Art therapy is a form of expressive therapy that improves a person’s physical, mental, and emotional well-being through the creative process of making art. By using many art materials such as paints, chalk and markers to create art, one is able to increase awareness of self and others which eventually results in healing.
Art therapists are usually tertiary trained in both art and science of psychological therapy. They learn about personality theories, human development, psychology, family systems, and art education in order to promote personal development, increase coping skills, and enhance cognitive function of the patients.
The old saying, “A picture is worth a thousand words,” reflects the powerful effect that the arts and creative expression have on human understanding and communication. Art therapy works to harness that power for therapeutic means.
Just as a painting or a piece of music can say something in ways that almost defy description, art therapy provides individuals facing physical, emotional, and cognitive challenges with new pathways toward understanding and self-expression.
People do not have to be artists or even “good at art” to benefit from art therapy. This form of treatment is more than an art class or just something to keep people occupied. Art therapy uses the power of the arts and different modes of communication to get people to open up and engage with their therapy in new ways, which may enhance healing of all kinds.
People who make art in any form, whether they consider themselves artists or not, are taking part in a process of self-discovery that gives them a safe space to express their feelings. Furthermore, it allows them to feel more in control over their life. This creative process is enjoyable in its own right, but this is not the only activity that goes on in an art therapy session.
In an art therapy session, an individual may do some of the following exercises:
- finger painting
- working with clay
- doodling and scribbling
- making collages
Although these exercises take place under the guidance of an art therapist, what emerges should be the unfiltered responses of the individual. Understanding them can promote mental health and well-being.
To unpack this understanding, the individual and their art therapist will discuss the artwork. They will explore what objects, people, and images do and do not appear in it.
Although art has been an integral part of the human experience for thousands of years, the practice of art therapy is a relatively new development, with an artist from the United Kingdom first describing it in the 1940s.
Key thinkers came to the field from backgrounds in education, the visual arts, and psychotherapy. The “mother of art therapy,” Margaret Naumburg, became influenced by the first wave of psychoanalytic theory in the early 20th century. She believed that through the creative process, individuals brought to light unconscious thoughts and feelings that they might have repressed.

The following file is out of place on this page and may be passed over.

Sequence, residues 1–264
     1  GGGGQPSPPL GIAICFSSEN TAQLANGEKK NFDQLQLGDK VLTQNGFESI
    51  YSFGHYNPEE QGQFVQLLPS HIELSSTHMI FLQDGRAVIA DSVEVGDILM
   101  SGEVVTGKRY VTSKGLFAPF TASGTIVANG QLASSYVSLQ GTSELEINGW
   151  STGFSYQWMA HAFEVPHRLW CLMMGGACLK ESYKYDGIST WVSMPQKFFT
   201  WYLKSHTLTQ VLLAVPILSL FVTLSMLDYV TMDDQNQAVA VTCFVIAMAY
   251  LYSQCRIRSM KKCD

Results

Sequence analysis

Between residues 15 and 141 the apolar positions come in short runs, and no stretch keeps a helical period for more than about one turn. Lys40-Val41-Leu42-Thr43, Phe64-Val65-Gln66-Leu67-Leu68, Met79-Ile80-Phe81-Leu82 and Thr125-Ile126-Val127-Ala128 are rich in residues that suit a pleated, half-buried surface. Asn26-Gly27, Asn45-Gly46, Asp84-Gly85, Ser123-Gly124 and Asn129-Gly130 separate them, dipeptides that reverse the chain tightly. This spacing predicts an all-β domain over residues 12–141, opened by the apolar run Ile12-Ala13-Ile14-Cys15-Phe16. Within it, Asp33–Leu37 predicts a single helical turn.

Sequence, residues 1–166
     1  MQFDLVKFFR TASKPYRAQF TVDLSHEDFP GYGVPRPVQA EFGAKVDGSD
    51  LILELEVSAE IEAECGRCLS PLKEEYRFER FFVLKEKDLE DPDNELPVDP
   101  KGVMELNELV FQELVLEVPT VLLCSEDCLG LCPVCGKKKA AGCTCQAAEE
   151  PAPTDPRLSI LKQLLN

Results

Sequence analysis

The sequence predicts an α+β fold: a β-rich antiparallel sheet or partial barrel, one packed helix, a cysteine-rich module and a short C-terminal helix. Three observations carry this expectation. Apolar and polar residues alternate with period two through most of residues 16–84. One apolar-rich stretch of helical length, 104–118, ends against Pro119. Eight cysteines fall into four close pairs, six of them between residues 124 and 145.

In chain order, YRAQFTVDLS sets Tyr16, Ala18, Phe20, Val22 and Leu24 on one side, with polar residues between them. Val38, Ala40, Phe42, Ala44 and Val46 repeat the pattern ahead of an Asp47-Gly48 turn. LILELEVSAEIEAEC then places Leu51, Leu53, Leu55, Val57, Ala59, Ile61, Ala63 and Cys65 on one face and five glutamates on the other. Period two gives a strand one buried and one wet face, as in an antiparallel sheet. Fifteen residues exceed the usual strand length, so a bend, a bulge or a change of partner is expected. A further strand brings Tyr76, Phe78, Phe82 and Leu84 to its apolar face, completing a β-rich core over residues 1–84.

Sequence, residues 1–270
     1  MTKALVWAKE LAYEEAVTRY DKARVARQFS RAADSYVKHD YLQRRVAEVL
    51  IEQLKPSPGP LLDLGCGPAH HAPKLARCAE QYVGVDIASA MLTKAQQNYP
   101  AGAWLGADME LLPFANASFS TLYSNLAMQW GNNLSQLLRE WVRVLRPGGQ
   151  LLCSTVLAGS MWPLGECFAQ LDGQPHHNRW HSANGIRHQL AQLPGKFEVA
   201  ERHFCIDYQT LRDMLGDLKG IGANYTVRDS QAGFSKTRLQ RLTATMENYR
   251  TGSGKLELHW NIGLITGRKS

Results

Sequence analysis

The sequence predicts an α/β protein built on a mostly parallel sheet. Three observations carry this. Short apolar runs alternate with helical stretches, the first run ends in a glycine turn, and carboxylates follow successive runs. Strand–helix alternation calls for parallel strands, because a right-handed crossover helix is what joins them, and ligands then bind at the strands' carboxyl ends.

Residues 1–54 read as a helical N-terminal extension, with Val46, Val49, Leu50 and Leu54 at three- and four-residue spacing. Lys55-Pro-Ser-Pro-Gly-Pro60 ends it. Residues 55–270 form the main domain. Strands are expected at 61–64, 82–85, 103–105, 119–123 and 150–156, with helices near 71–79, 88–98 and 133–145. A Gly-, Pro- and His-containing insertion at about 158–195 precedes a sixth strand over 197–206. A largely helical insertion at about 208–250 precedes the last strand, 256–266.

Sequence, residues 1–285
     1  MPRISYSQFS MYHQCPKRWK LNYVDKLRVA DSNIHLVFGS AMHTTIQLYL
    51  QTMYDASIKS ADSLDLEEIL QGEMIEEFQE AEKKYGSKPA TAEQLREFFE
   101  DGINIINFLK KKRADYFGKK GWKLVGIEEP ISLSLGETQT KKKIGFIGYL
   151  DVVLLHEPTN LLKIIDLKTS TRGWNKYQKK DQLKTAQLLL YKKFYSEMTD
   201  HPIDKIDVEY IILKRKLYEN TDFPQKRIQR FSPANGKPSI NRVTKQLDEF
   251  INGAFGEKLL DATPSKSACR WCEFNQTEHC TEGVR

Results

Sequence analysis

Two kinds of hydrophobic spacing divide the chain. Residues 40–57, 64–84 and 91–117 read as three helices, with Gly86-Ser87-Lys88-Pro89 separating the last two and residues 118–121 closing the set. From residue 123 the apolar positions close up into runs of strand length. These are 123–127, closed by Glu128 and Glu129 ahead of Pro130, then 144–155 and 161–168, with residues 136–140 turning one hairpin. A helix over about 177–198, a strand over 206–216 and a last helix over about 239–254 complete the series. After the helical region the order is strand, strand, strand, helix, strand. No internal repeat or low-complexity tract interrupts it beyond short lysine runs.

She felt that when individuals talked through this creative process with a therapist, they could come to understand what their artwork was revealing to them about themselves. This understanding would, in turn, promote psychological healing. Her writings continue to be influential in the 21st century.
Art therapy can address the needs of:
- people who experienced trauma, such as combat or a natural disaster
- individuals with significant health challenges, including traumatic brain injuries and cancer
- people with certain conditions, such as depression, autism, and dementia
Practitioners say that art therapy can also help people enhance specific skills by:
- improving their approach to conflict resolution
- enhancing social skills
- managing stress
- strengthening their ability to self-regulate
- improving their understanding of themselves
I took up art therapy eight years ago when the Art Therapist at the St John of God Burwood Clinic here in Sydney showed me how to do dot painting. It opened my eyes to a world of colour and self expression that I never thought possible. I have Dissociative Identity Disorder as well as ComplexPTSD. It has allowed me to express my interpretation of my Alters and through the dots connect them to my host. It has been very healing and when I am stressed it is my ‘go to’ management for those difficult times. You can use any type or size of canvas so the world is your oyster. She also taught me the art of quilting which I am now an avid fan of. The creation of a quilt from fabrics and designs you choose is very empowering and assembling it is a bit like putting yourself back together again. Awesome. The giving of the quilt when it is finished is the added benefit of making someone else feel happy and valued.
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